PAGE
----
Heart of Darkness
The title itself poses myriad questions: what is the heart of darkness, where is this heart, is it a living thing or a metaphor, what does that heart do to be labeled one of darkness? The anticipatory desire is peaked! From the title alone, the reader is given a promise of many revelations and the reader anticipates a new one each time a page is turned. However, there is such a thing as “the paradox of suspense” (Smuts, p. 281) which also applies to anticipation. This paradox postulates that even though one knows the outcome, suspense is maintained. It can be argued that this is especially the case with character-driven narratives, where the reader no longer desires to merely obtain obscured information, but desires to observe the path the characters take in order to reveal the answers necessary (either to themselves or to the reader).
Mesh of Iconic MCU characters
The majority of audiences approach classics with some knowledge of their plot for these works have been referenced and used throughout popular culture. Yet, the anticipatory desire is not lessened: it merely shifts from anticipating results to anticipating the path that leads to those known results. If classics are perhaps not a clear enough example, the ever-rising popularity of superhero movies should be: the vast majority of them end the same and the vast majority of them (if we take MCU as an example) are structured precisely the same. But the audience does not come into the theater with anticipatory desire directed toward the resolution of the plot; the focus, generally speaking, is on the action and the journey a hero takes. They anticipate a new ability, a new suit, a new alliance – for all of this, knowing that a happy ending is all but guaranteed matters little, if at all.
The analysis of anticipation provided in this article is not breaking any grounds in the study of literature and movies. The premise of this article was to draw attention to an aspect of narrative art that must not be overlooked. Narratives vary in the nature and quality of storytelling, but no matter how great a narrative one creates, it will always fail with wide audiences if it does not consider this anticipatory desire and does not utilize it to grab the audience's attention. After all, keeping one’s attention has never been as difficult as it is today and it seems that the waves of easily consumable entertainment do not plan on settling any time soon.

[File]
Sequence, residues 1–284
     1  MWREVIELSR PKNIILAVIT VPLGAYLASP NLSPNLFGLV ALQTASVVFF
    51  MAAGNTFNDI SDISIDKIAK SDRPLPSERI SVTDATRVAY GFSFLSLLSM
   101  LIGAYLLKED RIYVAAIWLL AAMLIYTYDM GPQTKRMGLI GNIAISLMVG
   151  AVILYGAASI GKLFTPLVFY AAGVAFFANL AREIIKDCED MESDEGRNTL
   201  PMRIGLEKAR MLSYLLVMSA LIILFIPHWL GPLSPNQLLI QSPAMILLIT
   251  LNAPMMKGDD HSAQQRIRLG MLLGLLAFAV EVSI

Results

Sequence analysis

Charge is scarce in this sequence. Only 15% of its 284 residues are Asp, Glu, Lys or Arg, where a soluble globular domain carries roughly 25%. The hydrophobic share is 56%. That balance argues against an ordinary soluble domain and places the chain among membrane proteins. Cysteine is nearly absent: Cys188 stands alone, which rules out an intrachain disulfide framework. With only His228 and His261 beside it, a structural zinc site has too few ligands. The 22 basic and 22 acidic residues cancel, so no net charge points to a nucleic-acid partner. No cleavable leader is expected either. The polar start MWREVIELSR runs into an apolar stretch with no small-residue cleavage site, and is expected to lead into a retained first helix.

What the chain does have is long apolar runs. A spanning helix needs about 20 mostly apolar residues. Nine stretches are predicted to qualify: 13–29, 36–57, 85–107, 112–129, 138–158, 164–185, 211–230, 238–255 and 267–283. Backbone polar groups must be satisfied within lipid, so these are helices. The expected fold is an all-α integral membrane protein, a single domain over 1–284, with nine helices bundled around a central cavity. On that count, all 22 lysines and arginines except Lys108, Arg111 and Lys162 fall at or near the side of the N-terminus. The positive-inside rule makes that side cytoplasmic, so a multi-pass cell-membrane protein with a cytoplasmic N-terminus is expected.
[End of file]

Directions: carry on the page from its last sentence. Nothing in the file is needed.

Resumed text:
Allen, R. (2003). Hitchcock and Narrative Suspense: Theory and Practice. In R. Allen & M. Turvey (Eds.), Camera Obscura, Camera Lucida: Essays in Honor of Annette Michelson (pp. 163–182). Amsterdam University Press. http://www.jstor.org/stable/j.ctt46n2cn.13
Barzun, J. (1958). Suspense Suspended. The American Scholar, 27(4), 496–508. http://www.jstor.org/stable/41208455
Carroll, N. (1987). The Nature of Horror. The Journal of Aesthetics and Art Criticism, 46(1), 51–59. https://doi.org/10.2307/431308
Smuts, A. (2008). The Desire-Frustration Theory of Suspense. The Journal of Aesthetics and Art Criticism, 66(3), 281–290. http://www.jstor.org/stable/40206345
King, Leo. (2017). Simple illustration of suspense. [Digital Image]. English Update Blog. https://espeaking4all.blogspot.com/2017/11/suspense.html
Nosferatu creeping up the staircase. (1922). [Movie Still]. International Business Times. https://www.ibtimes.co.in/berlin-dracula-book-adaptation-movie-nosferatu-directors-head-stolen-grave-639344 Kuper, P. (2018). Heart of Darkness. [Graphic novel book cover].Peterkuper.com.
Mesh of Iconic MCU characters. (nda). [Digital Image]. Pinterest.com